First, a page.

delocal

Hiroshi Mikitani, the CEO of Rakuten (formerly Buy.com) has written a piece for the Harvard Business Review with the title Humanizing E-Commerce.  It's a fascinating read.

Mikitani believes that human beings need communication and connection. So instead of emphasizing efficiency and convenience, Rakuten tries to create a personalized, bazaarlike shopping experience...

Our approach to e-commerce is quite different from that of Amazon and many other companies. I think of those competitors as vending machines: They are hyperefficient supermarkets with standardized offerings...

I didn’t want to create a superstore; I wanted Rakuten to be more like a bazaar, where the owners of many small shops would curate the merchandise and interact personally with customers. I believe that is the kind of experience many people prefer—even if they’re shopping online...

Newer online retailers, such as Fab and Etsy, are imitating our model...

Mikitani speaks of "communication and connection", "efficiency and convenience", and claims Rakuten is "bazaarlike".  Calling Amazon a "hyperefficient supermarket", he claims customers prefer the curated experience of a small retailer.

When we launched, companies were just beginning to sell over the web. Amazon had already opened, but it was selling only books. Some companies began setting up “online shopping malls” that would allow many merchants to sell goods via a single website. IBM had opened one called World Avenue, with brands such as L.L. Bean, Hudson’s Bay, and Gottschalks. But the model proved tricky, and IBM discontinued the project after a year because its merchants complained that there was too much IBM branding on their sites and that IBM wasn’t an effective intermediary between the retailers and the customers.

At Rakuten we offered a different model. We charged $650 a month to set up a store—a small fraction of what the big internet malls were charging. We allowed merchants to customize their web presence rather than fit into something we had designed. We encouraged them to interact directly with customers, because we’d found that merchants who told their personal stories and made a connection with shoppers did very well...

When people talk about “social shopping” or “social commerce,” they’re referring to the fact that people like to connect with others for advice about purchases. Some people think that friends—whether in real life or on social media—have a big influence on what we buy. I don’t believe they’re that powerful. The curators running our shops know quite a bit more about products and are a much better source of recommendations. If you want to buy a tennis racket, do you ask a friend or the pro at the shop? If you want to learn about wine, do you ask a friend or a sommelier? Over time the professionals at these shops will become like friends to you and will give you personal recommendations.

Other companies use algorithms to drive recommendations, but a human being’s recommendations tend to be more effective. I think a hybrid approach works best. Rakuten has many PhDs who work with big data and analytics, and we have a state-of-the-art research lab. But we believe that a shopkeeper’s recommendation is fundamental. A human being can listen as you explain your needs and can tell you the stories behind the products you’re considering.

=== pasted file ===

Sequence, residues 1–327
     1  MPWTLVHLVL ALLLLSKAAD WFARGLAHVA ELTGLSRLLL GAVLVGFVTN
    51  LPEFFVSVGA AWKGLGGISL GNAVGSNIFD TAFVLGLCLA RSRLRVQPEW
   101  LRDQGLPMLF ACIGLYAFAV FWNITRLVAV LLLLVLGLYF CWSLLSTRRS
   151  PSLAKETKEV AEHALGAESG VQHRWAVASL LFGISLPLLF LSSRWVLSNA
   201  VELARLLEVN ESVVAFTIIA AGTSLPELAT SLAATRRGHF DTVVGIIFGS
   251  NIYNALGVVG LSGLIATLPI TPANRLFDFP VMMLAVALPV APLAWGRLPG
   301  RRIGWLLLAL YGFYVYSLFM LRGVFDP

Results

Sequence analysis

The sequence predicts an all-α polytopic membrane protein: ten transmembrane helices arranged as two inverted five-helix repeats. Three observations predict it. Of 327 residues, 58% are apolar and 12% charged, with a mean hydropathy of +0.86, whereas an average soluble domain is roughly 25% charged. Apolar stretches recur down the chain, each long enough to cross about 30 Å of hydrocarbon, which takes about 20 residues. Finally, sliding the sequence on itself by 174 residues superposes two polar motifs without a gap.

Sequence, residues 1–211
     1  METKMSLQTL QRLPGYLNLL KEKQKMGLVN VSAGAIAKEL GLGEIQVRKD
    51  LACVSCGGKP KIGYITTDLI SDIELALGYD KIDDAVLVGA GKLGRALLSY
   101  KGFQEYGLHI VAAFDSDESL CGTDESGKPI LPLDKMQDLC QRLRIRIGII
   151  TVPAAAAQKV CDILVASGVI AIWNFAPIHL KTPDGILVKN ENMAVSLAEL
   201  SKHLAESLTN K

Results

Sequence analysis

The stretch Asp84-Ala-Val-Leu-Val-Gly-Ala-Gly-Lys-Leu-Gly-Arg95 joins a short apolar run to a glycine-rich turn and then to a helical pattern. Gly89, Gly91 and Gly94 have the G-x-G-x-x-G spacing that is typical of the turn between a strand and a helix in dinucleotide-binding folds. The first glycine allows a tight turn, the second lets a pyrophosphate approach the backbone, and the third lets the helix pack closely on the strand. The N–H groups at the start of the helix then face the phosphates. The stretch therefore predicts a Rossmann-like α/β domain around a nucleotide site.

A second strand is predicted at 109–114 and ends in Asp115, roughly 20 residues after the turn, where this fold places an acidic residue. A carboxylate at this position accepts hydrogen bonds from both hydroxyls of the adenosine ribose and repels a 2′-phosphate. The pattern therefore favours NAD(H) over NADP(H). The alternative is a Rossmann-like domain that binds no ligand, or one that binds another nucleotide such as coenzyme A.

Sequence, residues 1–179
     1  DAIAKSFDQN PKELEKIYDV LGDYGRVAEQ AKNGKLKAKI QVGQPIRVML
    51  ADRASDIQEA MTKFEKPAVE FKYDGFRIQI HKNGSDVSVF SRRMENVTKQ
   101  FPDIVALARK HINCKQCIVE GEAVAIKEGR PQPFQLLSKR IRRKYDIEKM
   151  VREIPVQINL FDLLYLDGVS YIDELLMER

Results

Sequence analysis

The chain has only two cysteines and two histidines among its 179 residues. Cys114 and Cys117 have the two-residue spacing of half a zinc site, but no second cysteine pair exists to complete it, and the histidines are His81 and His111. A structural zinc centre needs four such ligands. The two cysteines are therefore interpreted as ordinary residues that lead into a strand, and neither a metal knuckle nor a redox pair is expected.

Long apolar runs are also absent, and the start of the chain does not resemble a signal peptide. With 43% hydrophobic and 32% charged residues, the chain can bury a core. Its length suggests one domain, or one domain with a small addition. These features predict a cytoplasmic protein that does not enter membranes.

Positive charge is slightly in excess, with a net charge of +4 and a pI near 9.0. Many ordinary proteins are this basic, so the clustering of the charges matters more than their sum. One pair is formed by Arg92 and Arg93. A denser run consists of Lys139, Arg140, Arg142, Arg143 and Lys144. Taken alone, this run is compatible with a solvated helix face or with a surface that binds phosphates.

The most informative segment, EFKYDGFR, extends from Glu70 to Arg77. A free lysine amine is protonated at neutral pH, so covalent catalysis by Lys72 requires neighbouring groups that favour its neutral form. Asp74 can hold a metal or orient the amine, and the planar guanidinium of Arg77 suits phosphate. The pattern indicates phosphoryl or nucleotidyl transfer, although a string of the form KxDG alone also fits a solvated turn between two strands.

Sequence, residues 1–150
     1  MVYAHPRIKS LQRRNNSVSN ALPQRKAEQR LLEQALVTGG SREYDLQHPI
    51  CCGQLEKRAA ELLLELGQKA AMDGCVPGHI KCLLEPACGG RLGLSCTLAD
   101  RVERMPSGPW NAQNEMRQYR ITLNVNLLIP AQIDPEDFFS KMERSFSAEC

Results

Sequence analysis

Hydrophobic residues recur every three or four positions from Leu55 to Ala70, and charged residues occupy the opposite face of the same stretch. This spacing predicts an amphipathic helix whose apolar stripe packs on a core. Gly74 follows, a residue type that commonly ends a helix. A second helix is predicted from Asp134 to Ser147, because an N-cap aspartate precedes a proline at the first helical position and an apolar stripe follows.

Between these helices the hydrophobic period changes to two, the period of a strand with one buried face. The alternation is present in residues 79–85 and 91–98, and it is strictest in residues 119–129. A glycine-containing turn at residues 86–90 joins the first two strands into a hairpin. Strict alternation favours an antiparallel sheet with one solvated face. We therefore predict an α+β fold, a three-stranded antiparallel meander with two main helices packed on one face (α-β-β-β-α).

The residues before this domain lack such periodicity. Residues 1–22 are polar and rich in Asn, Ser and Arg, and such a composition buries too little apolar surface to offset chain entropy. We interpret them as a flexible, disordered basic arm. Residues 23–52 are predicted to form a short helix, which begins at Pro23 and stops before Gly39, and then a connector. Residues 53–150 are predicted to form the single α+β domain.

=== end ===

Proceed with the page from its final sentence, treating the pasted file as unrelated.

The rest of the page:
Our prices are really competitive, because instead of one price across our website, we have individual merchants who are competing against one another. Price is important, but many shoppers aren’t supersensitive to small differences, particularly once they have established a relationship with a merchant. Sometimes price is less important than design and passion, for instance.

One potential downside of offering a decentralized marketplace with goods from thousands of merchants is that quality or service problems may occur. But Rakuten has found ways to avoid this. We have a tight screening process for people who want to open a store on our site. We monitor transactions. We have a survey program that allows customers to give feedback on shops, and if a shop consistently receives poor ratings and cannot improve, we’ll kick it out. If goods don’t arrive, we offer a refund.

I think many other web players could learn from our approach. Look at the big travel websites in the United States, such as Expedia, Priceline, and Travelocity. They are standardized and very process-oriented. They’re designed so that someone can quickly type in some dates and a destination and then make a reservation. Travel websites in Japan are quite different. They’re set up so that hotels can edit their pages themselves and tell their own stories. That allows the hotels to make a connection with customers. It’s the same thing with golf courses. Customers use Rakuten to make reservations for approximately 10 million rounds of golf a year in Japan, and they choose where to play on the basis of the storytelling and the expertise of the golf pros who describe the various courses on our site.

Fab and Etsy offer either a highly curated selection of merchandise or handcrafted goods that are highly personalized, so the buyer feels that he or she is dealing with a human seller. EBay has been heading in this direction as well. That’s not surprising. Why do people shop in small boutiques? Because they want a personal connection and a superior level of service. Good prices, efficiency, speed, accuracy—those things are definitely important, and we provide them. But if we can also provide communication and interaction and a story behind the products, it becomes a win-win relationship.

That his words appear between the covers of the most venerated business journal imaginable is, to me, nothing short of serendipity.  (I would certainly entertain an investment from the highly successful Mr. Mikitani.)